Thursday, November 17


If by "carbs," of course, you mean carbon monoxide, a known hazard to human health. I was aware this gas was being used to artifially color some types of fish, but now it emerges that this is common practice for meat in general. And one food producer wants it stopped: "A food and spice company wants the FDA to prohibit the use of carbon monoxide in meat packaging, saying the practice, done to keep the meat fresh-looking, can hide spoilage." Note also that the FDA "accepted the practice as safe last year in response to requests from two other food companies. It is outlawed in Europe."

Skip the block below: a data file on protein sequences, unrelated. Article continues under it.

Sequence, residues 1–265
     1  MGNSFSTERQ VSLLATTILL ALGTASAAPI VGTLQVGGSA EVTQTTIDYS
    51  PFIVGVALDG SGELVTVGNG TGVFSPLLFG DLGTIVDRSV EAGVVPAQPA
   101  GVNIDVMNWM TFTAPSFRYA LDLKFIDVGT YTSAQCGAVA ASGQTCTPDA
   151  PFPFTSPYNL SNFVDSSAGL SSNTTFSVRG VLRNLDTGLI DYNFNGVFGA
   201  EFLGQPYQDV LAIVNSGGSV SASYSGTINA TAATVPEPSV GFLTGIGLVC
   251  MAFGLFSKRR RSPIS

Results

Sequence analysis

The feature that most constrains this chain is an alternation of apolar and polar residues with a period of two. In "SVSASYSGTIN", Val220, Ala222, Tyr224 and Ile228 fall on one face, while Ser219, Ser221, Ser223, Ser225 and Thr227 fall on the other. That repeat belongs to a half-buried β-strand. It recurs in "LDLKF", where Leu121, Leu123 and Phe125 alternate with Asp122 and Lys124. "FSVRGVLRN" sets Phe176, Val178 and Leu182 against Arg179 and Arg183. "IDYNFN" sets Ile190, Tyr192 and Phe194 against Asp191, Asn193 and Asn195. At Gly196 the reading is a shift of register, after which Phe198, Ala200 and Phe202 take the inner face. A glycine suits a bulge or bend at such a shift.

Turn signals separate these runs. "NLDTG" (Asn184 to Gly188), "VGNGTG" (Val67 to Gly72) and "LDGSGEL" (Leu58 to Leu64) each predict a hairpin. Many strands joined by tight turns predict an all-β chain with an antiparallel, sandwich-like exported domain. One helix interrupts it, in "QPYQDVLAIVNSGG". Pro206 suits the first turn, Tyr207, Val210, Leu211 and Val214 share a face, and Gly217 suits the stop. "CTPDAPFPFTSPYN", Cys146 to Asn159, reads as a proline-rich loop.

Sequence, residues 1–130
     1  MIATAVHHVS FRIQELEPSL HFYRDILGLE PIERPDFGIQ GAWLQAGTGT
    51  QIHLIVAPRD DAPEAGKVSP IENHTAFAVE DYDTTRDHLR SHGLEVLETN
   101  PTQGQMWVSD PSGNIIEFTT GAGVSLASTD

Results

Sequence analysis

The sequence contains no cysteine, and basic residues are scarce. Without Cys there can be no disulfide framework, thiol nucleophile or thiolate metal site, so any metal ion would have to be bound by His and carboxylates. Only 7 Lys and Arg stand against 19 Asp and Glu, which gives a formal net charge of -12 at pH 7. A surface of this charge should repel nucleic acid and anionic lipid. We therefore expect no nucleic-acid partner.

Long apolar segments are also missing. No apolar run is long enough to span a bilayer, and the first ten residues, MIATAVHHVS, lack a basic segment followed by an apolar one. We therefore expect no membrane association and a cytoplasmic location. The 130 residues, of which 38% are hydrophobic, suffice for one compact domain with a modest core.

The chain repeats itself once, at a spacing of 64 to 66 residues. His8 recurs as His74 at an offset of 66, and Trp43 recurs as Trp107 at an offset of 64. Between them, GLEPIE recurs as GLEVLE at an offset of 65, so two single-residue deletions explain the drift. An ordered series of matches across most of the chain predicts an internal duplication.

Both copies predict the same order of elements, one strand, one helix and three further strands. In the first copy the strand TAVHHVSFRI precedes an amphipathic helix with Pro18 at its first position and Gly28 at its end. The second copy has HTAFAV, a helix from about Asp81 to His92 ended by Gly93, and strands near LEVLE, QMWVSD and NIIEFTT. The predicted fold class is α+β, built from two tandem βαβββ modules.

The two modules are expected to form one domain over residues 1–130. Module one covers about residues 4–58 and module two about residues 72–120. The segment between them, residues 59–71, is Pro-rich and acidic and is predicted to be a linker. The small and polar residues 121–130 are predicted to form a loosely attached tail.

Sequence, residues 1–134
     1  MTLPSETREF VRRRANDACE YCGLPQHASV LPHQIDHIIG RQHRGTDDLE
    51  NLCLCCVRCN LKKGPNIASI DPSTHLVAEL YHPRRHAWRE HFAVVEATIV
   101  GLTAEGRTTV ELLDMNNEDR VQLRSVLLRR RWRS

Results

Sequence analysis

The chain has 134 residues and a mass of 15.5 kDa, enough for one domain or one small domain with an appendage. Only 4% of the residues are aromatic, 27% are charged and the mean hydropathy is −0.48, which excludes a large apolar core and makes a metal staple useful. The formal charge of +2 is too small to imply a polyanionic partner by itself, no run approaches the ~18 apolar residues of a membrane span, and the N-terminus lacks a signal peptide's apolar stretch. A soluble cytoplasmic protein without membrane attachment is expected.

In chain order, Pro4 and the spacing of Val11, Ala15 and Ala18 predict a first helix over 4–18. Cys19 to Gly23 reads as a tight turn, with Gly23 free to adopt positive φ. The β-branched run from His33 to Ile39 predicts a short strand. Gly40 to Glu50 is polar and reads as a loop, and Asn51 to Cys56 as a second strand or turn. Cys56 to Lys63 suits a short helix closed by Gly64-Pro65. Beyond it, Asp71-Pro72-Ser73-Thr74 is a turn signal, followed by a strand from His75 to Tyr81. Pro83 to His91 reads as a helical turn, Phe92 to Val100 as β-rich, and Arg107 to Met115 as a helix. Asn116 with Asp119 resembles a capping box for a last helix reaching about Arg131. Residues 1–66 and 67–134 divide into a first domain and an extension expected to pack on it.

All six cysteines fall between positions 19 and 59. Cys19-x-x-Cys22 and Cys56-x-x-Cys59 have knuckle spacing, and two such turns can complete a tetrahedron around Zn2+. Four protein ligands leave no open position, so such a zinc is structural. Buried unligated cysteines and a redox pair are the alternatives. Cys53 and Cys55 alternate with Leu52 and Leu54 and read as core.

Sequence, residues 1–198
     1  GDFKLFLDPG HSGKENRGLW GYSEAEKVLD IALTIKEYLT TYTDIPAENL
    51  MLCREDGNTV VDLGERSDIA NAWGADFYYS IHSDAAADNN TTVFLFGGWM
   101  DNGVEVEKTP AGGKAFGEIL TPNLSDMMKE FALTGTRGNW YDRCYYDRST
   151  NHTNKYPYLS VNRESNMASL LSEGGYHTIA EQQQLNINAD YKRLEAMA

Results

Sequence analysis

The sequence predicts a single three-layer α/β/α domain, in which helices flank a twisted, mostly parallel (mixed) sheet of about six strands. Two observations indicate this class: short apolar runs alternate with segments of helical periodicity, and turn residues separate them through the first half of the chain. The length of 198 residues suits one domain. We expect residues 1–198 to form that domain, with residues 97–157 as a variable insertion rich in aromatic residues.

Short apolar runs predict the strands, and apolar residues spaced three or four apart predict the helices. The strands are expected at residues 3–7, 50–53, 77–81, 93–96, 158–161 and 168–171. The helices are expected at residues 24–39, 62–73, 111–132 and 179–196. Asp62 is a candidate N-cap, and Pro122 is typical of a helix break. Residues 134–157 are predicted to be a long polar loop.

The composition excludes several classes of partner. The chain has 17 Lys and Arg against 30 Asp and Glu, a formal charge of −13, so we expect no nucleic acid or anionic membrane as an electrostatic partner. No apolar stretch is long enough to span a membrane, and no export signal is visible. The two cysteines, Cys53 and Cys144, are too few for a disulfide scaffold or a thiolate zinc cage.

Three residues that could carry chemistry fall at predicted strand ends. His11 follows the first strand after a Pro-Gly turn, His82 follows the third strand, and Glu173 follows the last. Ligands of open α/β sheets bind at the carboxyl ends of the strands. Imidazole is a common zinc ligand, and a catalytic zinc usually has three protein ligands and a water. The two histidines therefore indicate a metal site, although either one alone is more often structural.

But gosh, why would anyone want to put such a noxious substance - even temporarily - on food we're about to eat? "The use of carbon monoxide in fresh-meat packaging produces an artificially intense, persistent red color in meat that can simulate the look of fresh meat and mask the natural signs of aging and spoilage that consumers depend on in making safe food choices, including browning and telltale odors." Ohhhhhh.

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